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One Jewish Boy at Theater J

An English play about a mixed-race interfaith couple.

Theater J describes One Jewish Boy as; “A bittersweet, sophisticated and quick-fire new British comedy about antisemitism. Jesse, a nice Jewish boy, falls in love with Alex, a nice mixed-race girl. The love between them is pure and absolute, but Jesse has never been able to shake off the vicious attack that changed him forever.”

So, I went to the theater prepared to really like this play, without reservation. Unfortunately, that is not what happened. While I enjoyed many parts of the play, of course finding the topics covered very important, it seemed sometimes disjointed, and trying to say too much. 

The very talented playwright, Stephen Laughton, has said, “The thing I most worry about, probably the ultimate gesture of this play, is how all the ‘isms’ and ‘(pho)bias’ in our society – that toxicity can ultimately poison our sense of allyship. Jesse (an Ashkenazi Jewish man) and Alex (a Biracial woman), the play’s characters, should be natural allies. Given the communities they come from, they should absolutely be natural allies. But, more often than not, especially when on a defensive keel, we can often fail to find the common ground, we forget about solidarity.”  Yes, he is right. 

Yet the premise of the play seems to be mainly about Jesse, a Jewish boy from a posh area of London, who was attacked and beaten just for being Jewish. He has a difficult time getting beyond that, and it is impacting his entire life and relationship with Alex. I would have appreciated the play more if there was more direct focus on that, without bringing in all the rest including: issues Black women, and all women, face; issues new mothers face; British politics, with Alex and Jesse fighting about Jeremy Corbyn, Boris Johnson, and Tories; British Jews relationship to Israel; and even throwing in a debate between Jesse and Alex about circumcision, which Alex considers mutilation, while Jesse, as a Jew, considers important for their son.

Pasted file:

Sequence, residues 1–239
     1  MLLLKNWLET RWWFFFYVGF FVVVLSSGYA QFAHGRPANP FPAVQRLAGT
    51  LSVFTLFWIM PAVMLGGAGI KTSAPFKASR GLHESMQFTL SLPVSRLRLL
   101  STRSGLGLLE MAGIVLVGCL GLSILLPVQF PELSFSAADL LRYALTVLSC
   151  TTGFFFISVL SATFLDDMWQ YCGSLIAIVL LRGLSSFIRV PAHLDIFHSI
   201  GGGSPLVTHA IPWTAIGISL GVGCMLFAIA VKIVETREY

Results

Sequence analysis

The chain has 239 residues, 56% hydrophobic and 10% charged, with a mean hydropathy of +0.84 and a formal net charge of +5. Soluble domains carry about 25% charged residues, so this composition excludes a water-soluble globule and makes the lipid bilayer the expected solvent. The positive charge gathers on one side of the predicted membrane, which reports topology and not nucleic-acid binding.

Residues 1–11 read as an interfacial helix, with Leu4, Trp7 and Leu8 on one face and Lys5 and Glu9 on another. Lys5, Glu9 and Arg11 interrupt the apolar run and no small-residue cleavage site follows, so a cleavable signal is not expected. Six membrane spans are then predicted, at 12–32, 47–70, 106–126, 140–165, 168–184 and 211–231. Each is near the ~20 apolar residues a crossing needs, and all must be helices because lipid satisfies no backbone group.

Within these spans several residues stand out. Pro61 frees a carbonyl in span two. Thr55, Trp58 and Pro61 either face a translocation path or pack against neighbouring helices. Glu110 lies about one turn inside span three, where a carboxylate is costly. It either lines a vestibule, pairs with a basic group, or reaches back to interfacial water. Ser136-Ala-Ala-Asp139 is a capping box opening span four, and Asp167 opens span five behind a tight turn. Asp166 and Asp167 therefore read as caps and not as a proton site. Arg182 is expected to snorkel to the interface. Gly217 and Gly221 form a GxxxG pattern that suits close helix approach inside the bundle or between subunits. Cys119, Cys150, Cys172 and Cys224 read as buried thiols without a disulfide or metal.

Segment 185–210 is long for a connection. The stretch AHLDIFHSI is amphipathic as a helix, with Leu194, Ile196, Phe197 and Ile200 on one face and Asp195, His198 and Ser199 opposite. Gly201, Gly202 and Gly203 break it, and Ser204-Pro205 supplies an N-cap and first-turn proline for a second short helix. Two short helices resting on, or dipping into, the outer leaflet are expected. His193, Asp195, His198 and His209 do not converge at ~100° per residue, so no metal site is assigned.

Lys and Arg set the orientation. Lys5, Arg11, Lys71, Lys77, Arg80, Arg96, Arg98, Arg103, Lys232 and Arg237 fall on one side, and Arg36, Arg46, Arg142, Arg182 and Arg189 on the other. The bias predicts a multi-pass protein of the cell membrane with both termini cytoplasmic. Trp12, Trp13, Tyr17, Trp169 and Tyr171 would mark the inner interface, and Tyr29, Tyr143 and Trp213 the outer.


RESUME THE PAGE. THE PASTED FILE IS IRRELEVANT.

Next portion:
There is much here Laughton, who is English, appears to have written for British audiences. One thing is the final scene of the play in Ibiza, a place where many British go on vacation. That scene seems only to close an earlier throw-away line in the play, when Jesse, on what Alex thinks is their first date, tells her he thinks they met before. It didn’t seem relevant. 

Now for the good parts. First is Danny Gavigan, as Jesse. He is superb throughout. He gets to show off his dramatic chops, and even some dance moves. We get to hear his singing voice as he chants the Hebrew prayer while lighting Chanukah candles. Then there is Alanna Saunders as Alex. She is beautiful, and clearly a very good actor. The issue I have with her is when she is emulating a British accent, for much of the first few scenes I didn’t always understand her. Clearly missing some of her funny lines. Seemed I wasn’t the only one as while there was laughter in the audience, most around me weren’t laughing. Her accent didn’t seem to be so necessary for American audiences. She did become more understandable as the play went on. 

The play is directed by the talented Johanna Gruenhut. Her creative team is superb and one standout is Costume Designer, Danielle Preston. Then there is the interesting and great set by Debra Kim Sivigny and the very effective Lighting Design by Jesse W. Belsky. The very talented Matthew M. Nielson, Sound Design and Composer, adds much to this production. 

One Jewish Boy will be at Theater J through July 2, 2023, and tickets are still available.